A crossfield country artist prepares for the final showcase of Project WILD
A Crossfield-based country glam artist – inspired by Glen Campbell, Loretta Lynn and Patsy Cline – prepares for his final performance in Project WILD, a competition that seeks to find the next budding country and roots music star of Alberta.
Crossfield-based country glam artist Robert Adam prepares for his final performance in Project WILD, a competition that seeks to find Alberta’s next budding country and roots music star.
The last showcase performance will take place at King Eddy, Calgary’s famous music-centric tavern, on February 25th. He and other Project WILD Top 12 finalists will perform Feb. 24-26.
Each artist is up for a grand prize of $100,000, with second and third place winners receiving $75,000 and $50,000 respectively.
According to a press release issued by Alberta Music and radio station WILD 95.3 FM in Calgary – the contest’s host – following the performances and a public ballot, the top three performers and winners of the season will be selected.
Adam, who entered the contest as a solo artist but also plays with his band The Lucky Stars, said many people describe his musical style as “dreamy” and often refer to him as the “cowboy of the dream angels”. He said he was inspired by people like Glen Campbell, Loretta Lynn and Patsy Cline.
“I specialize in dreamy ’70s-inspired country music with fabulous ’70s-inspired outfits – lots of rhinestones and lots of satin,” he said.
Adam said he also likes to make sure his music has meaning and stays with the listener, even if it’s a “good time song”.
“I like putting on a show for people and going back to a time in country music where it was kind of flashy, it was fun,” he said.
Project WILD, originally launched in 2014, is funded by a $4.9 million grant from the Jim Pattison Broadcast Group. The annual competition aims to support emerging Canadian musicians through various boot camps and training initiatives.
Each of the top 12 artists receives a $5,000 development prize, an invitation to a week-long boot camp to hone their skills in performance, songwriting and business strategy, and a chance to win one of the first three aforementioned prizes.
Adam, who grew up in Bonnyville, Alberta, lived in Ontario between 2015 and 2017. Since returning to his home province, he has wanted to be part of Project WILD.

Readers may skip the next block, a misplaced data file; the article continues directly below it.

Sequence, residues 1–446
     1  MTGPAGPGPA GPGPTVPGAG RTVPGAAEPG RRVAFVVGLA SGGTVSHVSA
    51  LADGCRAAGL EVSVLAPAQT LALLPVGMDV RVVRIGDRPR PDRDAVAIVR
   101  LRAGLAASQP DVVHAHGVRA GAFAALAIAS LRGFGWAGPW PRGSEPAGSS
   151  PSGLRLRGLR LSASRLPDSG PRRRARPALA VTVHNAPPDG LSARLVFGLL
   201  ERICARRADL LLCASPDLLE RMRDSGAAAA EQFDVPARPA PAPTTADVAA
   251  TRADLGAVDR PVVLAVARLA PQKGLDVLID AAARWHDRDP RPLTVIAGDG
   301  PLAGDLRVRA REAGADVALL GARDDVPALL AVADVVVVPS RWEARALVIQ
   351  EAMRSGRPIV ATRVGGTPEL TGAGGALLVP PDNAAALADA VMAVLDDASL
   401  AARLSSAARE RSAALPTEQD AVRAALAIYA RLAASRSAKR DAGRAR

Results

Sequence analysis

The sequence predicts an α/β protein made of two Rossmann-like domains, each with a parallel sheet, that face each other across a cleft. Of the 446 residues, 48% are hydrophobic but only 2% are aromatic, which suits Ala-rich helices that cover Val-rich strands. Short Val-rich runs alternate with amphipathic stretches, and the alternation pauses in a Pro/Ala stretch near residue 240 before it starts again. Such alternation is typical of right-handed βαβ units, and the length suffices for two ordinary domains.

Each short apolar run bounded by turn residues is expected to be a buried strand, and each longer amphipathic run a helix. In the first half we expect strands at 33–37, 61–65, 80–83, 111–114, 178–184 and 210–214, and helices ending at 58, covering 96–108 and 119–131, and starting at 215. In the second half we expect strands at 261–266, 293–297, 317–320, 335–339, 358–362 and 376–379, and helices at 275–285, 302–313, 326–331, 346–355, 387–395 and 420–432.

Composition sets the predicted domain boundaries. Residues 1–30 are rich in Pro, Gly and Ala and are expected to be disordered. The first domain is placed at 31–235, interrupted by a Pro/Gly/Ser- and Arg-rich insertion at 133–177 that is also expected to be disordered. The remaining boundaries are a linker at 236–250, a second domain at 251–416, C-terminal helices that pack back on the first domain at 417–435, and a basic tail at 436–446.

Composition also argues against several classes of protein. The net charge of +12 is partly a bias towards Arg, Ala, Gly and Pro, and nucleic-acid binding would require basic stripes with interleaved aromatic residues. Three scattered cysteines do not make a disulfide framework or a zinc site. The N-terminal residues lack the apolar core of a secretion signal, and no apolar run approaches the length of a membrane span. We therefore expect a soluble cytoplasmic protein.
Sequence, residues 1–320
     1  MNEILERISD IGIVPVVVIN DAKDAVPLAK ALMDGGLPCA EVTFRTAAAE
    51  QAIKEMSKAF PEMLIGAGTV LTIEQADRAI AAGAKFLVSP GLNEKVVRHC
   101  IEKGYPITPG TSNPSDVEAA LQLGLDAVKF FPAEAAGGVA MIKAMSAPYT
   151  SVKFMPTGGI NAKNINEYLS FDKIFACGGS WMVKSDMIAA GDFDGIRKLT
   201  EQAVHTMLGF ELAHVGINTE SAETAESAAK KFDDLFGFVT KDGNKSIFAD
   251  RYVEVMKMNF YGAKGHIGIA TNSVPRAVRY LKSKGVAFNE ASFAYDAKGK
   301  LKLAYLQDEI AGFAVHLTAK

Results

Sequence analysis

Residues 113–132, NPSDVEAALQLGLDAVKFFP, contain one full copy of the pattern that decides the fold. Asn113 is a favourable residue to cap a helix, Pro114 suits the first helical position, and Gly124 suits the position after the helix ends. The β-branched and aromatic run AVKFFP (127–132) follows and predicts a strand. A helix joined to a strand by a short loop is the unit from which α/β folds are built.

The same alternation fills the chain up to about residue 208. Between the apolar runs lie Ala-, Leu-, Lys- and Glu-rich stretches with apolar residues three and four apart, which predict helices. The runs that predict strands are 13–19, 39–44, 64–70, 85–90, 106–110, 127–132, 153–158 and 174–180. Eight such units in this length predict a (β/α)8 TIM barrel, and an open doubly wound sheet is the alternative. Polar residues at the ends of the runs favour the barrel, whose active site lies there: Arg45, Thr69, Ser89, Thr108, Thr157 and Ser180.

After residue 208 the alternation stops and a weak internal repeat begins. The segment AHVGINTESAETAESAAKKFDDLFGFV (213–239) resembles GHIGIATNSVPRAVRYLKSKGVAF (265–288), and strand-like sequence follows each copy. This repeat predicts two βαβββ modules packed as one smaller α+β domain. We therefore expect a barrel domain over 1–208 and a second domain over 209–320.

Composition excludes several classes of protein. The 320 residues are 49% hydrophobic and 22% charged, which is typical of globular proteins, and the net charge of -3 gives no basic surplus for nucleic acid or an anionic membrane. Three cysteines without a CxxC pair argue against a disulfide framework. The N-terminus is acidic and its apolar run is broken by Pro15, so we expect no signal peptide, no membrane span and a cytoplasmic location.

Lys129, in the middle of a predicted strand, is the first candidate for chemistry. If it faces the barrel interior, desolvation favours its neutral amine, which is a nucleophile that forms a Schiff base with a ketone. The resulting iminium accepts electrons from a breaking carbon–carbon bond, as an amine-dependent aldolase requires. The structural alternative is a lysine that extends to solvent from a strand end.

“Since I came back, I really wanted to be in this contest, but I wasn’t developed enough as an artist, I think, to be really taken seriously by the Alberta country music industry,” did he declare. “But this year we participated and it was like a dream come true, although there is still a lot to do in the competition as we approach the final presentation date at the end of the month.”
So far, the top 12 contestants have participated in boot camp, progressed through an activity portfolio, hosted a charity event, designed a unique merchandise item, and collaborated with other artists.
“We’ve done a bunch of challenges already – what we’re left with is our final showcase, and we also have to enter a final report, which is a really big document outlining our marketing and business plans,” he said.
Adam said with increased pressure since January and the added stress of the COVID-19 pandemic, he began to feel “tremendous stress, inner turmoil and self-doubt” from competition, but added that ‘He has since come to peace with high degree of uncertainty.
“It’s really anybody’s game at this point because every artist has been advantaged and disadvantaged in some way by the way events have unfolded,” he said. “I’ve really come to peace with the fact that I’m going to stay true to what I’ve done.
“I was chosen in the Top 12 for a reason, so I’m going to do what I’m going to do best, with the resources I have to write the best business plan and bring them the best performance and then that’s party to the judges”.
He added that if he wins, it will be a “dream come true”, but if he doesn’t win, he will still continue to make music.
“I never came for money or a benefit. Being a gay country singer, there’s really no upside,” he said of his affiliation with the LGBTQ2S+ community. “I know with that money I could really do great things. things.
“If I don’t win, I’m going to continue on the same path anyway. I’m still going to do great things, and I really believe in it.
He added that he would be happy to see one of his contestants win the top prize.
“I’m just going to carry on like I normally do and whichever first three they pick, I wouldn’t be disappointed,” he said. “I know most of my competitors, I met them before the competition and they are great people, so I can’t even blame them because they all worked really hard too.”
Adam’s new single, Don’t Touch My Rhinestones, can be streamed on various streaming platforms from February 4. For more information or to listen to Adam’s music, visit robertadammusic.com